An ancient parishioner, who had long ago moved out of this little town (to Arizona) had bequeathed all of her Roseville Phone Company Stock to The Church. That Ledger Sheet was wiped clean! (For a while.)


Mr. Grabby-at-the-Offering-Plate was thereby saved — not from Hell — but from expulsion by the Board of Directors, a line-up of hardliner old-timers who certainly welcomed my family and I, The Faithful Firebrand, into their historic church. That church was historic in terms of chronological legacy, but this long-haired peace-freak minister was bringing new meaning to “historic”.

The corrupt fiscal situation was not unlike Captain Renaud in the 1942 Hollywood classic film, Casablanca:


“I’ve often speculated why you don’t return to America. Did you abscond with the church funds? Run off with a senator’s wife? I like to think you killed a man. It’s the Romantic in me.”


The Romantic in me headed to another church, a Methodist one, since, as that hippie-wolf in minister-robe informed me, upon learning that I was raised Baptist: Methodists are Baptists who sing. He wasn’t far off on that one.


This next church was not local. We had to drive two towns over to get to it, and I have to say that my first and only attendance there was dramatic. The minister was a tall, skinny, snot-nosed man who struck me straight-off, in a memory sense, as the real-life version of the fictional Reverend Dimmesdale of The Scarlet Letter. My memory can be very mnemonic, especially the creative part of it; and so I silently asked My Muse to give me, or rather this pontifical embalmer, a break. My Muse, however, had her way.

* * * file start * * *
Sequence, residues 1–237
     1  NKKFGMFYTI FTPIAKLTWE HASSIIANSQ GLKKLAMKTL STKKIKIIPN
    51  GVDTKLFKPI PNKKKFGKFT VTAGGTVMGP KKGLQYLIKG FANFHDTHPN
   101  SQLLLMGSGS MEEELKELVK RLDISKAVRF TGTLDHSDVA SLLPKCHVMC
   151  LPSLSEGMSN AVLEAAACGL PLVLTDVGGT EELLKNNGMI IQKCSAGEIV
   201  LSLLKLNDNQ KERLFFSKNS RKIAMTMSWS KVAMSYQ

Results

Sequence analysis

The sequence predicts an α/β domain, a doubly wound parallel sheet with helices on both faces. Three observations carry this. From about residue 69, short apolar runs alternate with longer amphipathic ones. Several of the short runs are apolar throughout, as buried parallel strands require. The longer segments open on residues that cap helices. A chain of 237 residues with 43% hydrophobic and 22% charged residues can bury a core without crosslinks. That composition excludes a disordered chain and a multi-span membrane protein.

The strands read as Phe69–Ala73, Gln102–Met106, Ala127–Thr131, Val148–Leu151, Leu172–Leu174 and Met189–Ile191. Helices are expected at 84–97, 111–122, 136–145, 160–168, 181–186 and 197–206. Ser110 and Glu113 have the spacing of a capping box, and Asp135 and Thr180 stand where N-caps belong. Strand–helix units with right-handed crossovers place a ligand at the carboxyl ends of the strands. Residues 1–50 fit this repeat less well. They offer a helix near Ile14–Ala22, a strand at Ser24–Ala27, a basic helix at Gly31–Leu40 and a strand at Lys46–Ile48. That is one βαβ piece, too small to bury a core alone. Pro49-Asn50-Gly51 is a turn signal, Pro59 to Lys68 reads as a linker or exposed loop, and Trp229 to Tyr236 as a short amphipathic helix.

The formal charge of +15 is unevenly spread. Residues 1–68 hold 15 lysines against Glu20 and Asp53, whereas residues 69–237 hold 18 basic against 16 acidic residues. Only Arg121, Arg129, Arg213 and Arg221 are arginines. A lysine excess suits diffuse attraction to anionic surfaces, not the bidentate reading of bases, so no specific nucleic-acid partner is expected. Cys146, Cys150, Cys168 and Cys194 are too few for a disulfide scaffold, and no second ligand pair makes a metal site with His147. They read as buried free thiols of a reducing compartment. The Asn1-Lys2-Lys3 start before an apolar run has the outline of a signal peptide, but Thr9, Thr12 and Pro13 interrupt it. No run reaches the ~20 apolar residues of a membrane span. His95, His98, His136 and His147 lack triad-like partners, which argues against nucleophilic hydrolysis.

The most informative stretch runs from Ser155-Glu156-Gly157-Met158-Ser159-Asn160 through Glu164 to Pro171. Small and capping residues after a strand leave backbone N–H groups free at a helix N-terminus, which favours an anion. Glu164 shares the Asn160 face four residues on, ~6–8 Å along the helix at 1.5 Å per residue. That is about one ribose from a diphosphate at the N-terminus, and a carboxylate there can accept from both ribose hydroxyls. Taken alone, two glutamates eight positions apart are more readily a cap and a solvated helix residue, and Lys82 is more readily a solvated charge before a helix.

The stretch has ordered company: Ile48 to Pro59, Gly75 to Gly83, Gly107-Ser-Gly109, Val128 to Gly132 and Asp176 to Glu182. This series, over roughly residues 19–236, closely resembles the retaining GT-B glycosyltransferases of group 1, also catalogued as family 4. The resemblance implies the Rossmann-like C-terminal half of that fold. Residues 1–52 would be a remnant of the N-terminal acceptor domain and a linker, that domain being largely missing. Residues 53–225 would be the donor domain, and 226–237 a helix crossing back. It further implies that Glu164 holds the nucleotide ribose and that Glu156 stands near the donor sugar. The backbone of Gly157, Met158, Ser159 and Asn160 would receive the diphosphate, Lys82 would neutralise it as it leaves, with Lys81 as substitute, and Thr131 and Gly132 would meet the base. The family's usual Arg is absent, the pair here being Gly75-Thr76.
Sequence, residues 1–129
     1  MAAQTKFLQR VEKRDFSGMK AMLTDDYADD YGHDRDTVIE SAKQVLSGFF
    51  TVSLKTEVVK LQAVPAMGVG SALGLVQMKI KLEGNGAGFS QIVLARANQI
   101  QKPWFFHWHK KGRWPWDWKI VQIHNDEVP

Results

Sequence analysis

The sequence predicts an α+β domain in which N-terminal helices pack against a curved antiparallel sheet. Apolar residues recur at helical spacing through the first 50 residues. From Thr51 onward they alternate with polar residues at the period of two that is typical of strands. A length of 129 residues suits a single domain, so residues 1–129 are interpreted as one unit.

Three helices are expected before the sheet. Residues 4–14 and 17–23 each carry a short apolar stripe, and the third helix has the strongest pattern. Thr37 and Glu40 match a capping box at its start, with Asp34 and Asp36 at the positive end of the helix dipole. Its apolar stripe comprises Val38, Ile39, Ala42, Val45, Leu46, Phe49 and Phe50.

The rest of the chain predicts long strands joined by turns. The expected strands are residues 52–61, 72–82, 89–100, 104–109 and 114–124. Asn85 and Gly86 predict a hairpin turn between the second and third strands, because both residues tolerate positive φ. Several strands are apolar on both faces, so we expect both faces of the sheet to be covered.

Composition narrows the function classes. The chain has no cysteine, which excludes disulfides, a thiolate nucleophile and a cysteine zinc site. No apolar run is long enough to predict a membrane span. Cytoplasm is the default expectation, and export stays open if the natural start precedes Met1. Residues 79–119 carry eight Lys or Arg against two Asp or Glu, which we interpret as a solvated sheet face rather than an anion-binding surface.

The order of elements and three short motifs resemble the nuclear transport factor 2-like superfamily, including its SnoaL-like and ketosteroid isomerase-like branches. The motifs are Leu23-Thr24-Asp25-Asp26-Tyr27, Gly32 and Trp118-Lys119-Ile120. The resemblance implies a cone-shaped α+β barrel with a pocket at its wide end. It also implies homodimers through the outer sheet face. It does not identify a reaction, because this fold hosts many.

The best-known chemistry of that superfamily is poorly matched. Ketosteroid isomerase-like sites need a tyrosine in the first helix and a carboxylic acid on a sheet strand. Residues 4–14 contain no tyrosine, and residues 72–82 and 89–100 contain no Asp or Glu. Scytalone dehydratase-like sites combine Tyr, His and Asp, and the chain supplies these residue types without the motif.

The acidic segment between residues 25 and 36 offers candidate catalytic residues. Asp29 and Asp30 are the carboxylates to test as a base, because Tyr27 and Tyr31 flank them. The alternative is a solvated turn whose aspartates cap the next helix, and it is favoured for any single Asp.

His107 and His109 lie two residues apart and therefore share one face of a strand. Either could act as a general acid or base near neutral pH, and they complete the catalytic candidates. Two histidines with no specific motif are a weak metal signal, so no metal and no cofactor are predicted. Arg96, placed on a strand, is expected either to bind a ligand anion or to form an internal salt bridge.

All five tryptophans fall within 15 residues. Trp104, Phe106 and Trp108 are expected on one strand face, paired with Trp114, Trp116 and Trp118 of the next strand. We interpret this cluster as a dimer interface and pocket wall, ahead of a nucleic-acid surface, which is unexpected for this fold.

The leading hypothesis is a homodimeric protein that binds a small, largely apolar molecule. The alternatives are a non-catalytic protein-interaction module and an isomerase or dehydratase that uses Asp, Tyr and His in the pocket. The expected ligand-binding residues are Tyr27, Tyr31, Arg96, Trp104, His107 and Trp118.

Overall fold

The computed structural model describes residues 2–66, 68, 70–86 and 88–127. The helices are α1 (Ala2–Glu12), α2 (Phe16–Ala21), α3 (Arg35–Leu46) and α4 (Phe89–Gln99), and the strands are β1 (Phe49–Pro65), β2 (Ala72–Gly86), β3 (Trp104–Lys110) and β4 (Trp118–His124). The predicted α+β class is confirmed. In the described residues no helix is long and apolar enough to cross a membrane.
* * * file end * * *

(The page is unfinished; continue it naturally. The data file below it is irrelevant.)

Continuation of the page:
When the Reverend launched into his sermon, I listened quietly. He was going off on a tear about non-Christians not getting into Heaven. A very polite and tender-voiced East Indian raised his hand. (This Q&A from Parishioner in Nave to Minister in Sanctuary was new to me. During my many years of church attendance in New Jersey, the Parishioners sang on cue, and the Minister did all the talking.)


This Hindu man was wearing his turban. He very humbly asked if he would go to Hell because of his religion. The Reverend Dimmesdale flat-out told him, “Yes.”


Mr. High-and-Mighty-Mortician was then asked by a woman about children, infants in particular, those who are born and then die, and the stillborns as well.